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Dutch (released in the UK and Australia as Driving Me Crazy) is a 1991 American road comedy-drama film directed by Peter Faiman (his second and last theatrical film, after "Crocodile" Dundee) and written by John Hughes. The original music score was composed by Alan Silvestri. The film stars Ethan Embry (as Doyle Standish), Ed O'Neill and JoBeth Williams, with a cameo appearance by golfer great Arnold Palmer. O' Neill and Embry would star together again over a decade later in the 2003 version of the series Dragnet. Ari Meyers and E. G. Daily co-starred.
Theatrical release poster
|Directed by||Peter Faiman|
|Produced by||Robert Weissman|
|Written by||John Hughes|
|Music by||Alan Silvestri|
|Distributed by||20th Century Fox|
|Box office||$4.6 million|
Dutch Dooley (Ed O'Neill) attends a ritzy party with his girlfriend, Natalie Standish (JoBeth Williams). He stands out terribly among the upper-class aristocrats – wearing a cheap suit and making boorish comments. Natalie's relaxed, less rigid personality also does not fit with the rest of the patrons. Dutch also meets Natalie's snobbish, wealthy ex-husband Reed (Christopher McDonald), who tells Natalie that he will have to break his Thanksgiving plans with their son Doyle (Ethan Embry) for an unexpected business trip to London. Reed also threatens to strip Natalie's divorce benefits and custody of Doyle if she gives Reed any trouble, much to Dutch's chagrin.
Natalie calls Doyle at his private school in Georgia and invites him home for Thanksgiving, but Doyle rudely refuses the offer and expresses his disdain for his mother, solely blaming her for the divorce. Despite this, Dutch sees an opportunity to get to know Doyle and further his relationship with Natalie, so he offers to go to Georgia and bring Doyle back to Chicago for the holidays.
Upon arriving in Georgia, Dutch finds Doyle to be much like his father: snobbish, selfish and an elitist. He welcomes Dutch by throwing a book at his face, kicking him and shooting him in the groin with a BB gun, to which Dutch promises revenge. Dutch ultimately hogties Doyle to a hockey stick and carries him to the car to start on the drive back home.
The trip entails several mishaps: A fireworks show Dutch gives Doyle in an attempt to make Doyle warm up to him goes awry when one lit rocket lands in the bag of fireworks and sets them off all at once (destroying his coat in the process in an attempt to extinguish the explosion). Later, after throwing a lit cigar in Dutch's lap, Dutch throws Doyle out of the car and makes him walk to the next motel by himself. Doyle gets even by parking Dutch's car in the middle of the highway, where it is hit and totaled by a truck. They hitch a ride with two prostitutes (E.G. Daily and Ari Meyers) who steal their luggage and leave them stranded with no money.
Doyle calls his father, whom he discovers has lied about his trip to London; he instead spent the holidays with a girlfriend. Stunned by his father's betrayal, and wounded by Dutch's accusation that he "hates his mother", Doyle begins to regret his callous attitude. Dutch initially gives up and wants to call Natalie for assistance, but Doyle refuses and insists on getting home on their own. They sneak a ride on the back of a semi truck and are assaulted by security guards at a trailer drop yard; Doyle feigns insanity and pretends that voices in his head are telling him to kill the guards (they make the guards think his BB gun is a bullet-loaded firearm), which frightens the guards enough to allow them to escape.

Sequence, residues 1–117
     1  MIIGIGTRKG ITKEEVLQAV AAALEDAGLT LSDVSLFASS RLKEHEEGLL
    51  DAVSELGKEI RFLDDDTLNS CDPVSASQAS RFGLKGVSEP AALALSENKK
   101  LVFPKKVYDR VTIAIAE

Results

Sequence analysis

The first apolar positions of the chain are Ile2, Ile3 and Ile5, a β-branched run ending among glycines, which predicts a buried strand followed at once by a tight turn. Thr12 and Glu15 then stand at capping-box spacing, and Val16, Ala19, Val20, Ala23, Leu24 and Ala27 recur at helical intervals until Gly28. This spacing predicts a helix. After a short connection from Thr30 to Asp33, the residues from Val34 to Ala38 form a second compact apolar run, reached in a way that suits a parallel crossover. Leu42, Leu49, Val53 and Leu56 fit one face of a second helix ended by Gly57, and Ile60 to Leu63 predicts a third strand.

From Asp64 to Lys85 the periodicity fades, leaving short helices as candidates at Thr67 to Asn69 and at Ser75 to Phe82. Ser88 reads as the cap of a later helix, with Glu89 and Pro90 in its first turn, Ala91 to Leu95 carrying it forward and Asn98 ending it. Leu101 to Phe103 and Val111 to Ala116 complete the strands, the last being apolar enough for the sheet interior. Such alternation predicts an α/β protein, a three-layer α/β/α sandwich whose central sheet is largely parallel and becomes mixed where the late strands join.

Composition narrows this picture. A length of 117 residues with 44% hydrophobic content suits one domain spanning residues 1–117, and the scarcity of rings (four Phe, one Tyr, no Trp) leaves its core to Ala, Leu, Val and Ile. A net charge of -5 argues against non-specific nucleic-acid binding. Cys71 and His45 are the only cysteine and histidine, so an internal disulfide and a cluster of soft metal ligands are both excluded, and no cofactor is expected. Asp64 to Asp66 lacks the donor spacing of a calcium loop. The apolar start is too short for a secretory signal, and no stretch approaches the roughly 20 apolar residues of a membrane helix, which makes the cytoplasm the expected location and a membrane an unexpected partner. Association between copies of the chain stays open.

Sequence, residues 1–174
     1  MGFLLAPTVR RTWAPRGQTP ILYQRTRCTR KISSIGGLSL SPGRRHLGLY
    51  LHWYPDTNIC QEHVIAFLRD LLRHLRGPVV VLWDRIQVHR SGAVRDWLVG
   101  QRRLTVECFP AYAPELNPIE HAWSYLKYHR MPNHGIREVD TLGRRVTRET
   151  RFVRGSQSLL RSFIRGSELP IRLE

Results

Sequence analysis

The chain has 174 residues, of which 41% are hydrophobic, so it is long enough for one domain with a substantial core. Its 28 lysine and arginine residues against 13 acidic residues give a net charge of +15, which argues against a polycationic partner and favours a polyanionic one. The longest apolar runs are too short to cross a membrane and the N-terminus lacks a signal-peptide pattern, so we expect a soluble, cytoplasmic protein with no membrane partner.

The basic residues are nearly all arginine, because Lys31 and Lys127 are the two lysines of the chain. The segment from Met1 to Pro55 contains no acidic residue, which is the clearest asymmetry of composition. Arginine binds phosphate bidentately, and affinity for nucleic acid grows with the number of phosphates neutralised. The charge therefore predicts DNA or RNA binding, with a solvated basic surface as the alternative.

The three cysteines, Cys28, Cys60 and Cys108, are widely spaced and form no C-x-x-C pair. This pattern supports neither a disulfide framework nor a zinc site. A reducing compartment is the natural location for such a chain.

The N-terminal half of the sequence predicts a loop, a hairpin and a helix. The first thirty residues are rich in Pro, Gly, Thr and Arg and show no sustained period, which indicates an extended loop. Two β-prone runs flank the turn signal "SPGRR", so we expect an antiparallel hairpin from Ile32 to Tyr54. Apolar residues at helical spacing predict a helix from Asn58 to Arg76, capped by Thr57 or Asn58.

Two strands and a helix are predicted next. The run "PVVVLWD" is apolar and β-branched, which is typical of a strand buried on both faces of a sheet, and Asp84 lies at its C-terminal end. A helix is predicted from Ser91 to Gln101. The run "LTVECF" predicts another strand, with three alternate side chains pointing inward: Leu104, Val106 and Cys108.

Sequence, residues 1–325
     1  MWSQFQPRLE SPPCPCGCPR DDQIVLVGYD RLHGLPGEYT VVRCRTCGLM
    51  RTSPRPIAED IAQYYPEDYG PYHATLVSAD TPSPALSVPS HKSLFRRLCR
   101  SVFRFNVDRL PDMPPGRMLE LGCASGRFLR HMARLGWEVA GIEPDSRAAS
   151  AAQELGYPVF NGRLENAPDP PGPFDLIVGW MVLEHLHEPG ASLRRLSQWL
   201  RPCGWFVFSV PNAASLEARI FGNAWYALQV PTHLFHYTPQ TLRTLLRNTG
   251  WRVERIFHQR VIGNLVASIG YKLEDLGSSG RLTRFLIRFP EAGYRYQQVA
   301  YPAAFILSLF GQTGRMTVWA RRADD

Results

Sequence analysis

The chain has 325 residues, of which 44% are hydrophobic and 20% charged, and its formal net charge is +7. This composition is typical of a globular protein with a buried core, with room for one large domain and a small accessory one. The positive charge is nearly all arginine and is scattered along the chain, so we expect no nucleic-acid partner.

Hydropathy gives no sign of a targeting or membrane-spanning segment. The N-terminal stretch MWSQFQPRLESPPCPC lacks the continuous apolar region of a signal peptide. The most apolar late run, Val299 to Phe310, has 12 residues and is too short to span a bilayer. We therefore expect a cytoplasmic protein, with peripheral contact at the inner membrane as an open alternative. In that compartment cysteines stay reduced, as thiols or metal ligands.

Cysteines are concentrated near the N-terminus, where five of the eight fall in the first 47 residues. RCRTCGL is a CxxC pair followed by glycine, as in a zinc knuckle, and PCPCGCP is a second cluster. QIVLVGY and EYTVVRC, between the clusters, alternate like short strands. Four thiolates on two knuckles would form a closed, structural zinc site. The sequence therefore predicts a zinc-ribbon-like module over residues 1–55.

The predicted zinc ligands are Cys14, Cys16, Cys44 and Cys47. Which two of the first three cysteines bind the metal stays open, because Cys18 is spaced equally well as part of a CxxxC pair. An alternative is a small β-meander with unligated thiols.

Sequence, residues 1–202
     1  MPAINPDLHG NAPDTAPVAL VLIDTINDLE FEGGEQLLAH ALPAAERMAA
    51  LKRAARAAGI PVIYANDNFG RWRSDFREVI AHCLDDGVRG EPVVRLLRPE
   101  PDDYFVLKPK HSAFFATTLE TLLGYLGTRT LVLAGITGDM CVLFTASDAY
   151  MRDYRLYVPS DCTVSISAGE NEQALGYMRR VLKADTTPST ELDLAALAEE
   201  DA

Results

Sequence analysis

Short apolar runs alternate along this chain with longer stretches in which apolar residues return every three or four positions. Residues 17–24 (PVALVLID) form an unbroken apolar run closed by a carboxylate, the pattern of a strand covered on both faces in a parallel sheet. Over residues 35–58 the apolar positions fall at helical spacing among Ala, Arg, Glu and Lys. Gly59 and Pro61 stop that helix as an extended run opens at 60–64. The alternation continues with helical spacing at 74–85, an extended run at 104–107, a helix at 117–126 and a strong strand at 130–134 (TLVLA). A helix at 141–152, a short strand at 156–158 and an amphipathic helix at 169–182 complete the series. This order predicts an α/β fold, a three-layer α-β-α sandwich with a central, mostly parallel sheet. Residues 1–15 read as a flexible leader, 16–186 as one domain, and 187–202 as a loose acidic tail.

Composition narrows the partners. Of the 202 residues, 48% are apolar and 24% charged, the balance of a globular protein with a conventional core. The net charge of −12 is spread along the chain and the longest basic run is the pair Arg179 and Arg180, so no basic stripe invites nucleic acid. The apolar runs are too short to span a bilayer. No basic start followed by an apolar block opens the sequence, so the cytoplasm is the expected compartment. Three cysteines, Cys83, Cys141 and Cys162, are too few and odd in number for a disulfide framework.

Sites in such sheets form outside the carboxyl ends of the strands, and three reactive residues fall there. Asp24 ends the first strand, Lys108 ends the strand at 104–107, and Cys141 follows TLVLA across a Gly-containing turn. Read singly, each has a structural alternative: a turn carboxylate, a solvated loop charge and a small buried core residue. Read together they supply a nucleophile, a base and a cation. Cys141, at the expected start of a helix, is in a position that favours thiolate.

The two enter a restaurant, where they meet a married couple who takes them to a homeless shelter in Hammond, Indiana for the night. At the shelter, Doyle grows fond of a young girl and her family. While getting to know them, he finally realizes that he has been neglecting his mother and indeed wants to be with her for the holidays. The next day, the family drives Dutch and Doyle to Natalie's home, where Reed is waiting. Doyle shares an emotional embrace with his mother and reveals to Reed that he knows the truth about his trip to London. Doyle decides to stay with his mother instead of going with Reed for Thanksgiving. An angry Reed evicts Natalie from the house, which he owns. Dutch follows Reed outside as he departs and hits Reed in the forehead with his pinky ring. He then demands that Reed show more respect to Natalie and become a better father to Doyle, to which a dazed Reed agrees.
The film ends with Natalie, Dutch and Doyle at the dinner table about to begin the Thanksgiving feast. Before they commence, Dutch asks Doyle to retrieve Dutch's coat, as it contains a very special gift for Natalie. As Doyle turns to walk away, Dutch pulls the BB gun Doyle originally shot him with and finally gets his revenge on Doyle by shooting him in the groin.
Dutch received mixed to poor reviews from critics, and has a 14% approval rating on Rotten Tomatoes. Critic Roger Ebert, in his one-and-a-half star review of the film, thought that Dutch's screenwriter Hughes was following his own formula, repeating some of his other films, such as Planes, Trains and Automobiles (1987), and cited O'Neill's character as behaving "in defiance of common sense." The film was a box office bomb, grossing less than $5 million domestically against its $17 million budget.
- Young Artist Awards
|Year||Nominee / work||Award||Result|
|1992||Ethan Embry||Best Young Actor Starring in a Motion Picture||Won|
|Best Family Motion Picture - comedy||Nominated|
Home video releaseEdit
The film was released on DVD in March 22, 2005 and also was released on Blu Ray in January 17, 2012.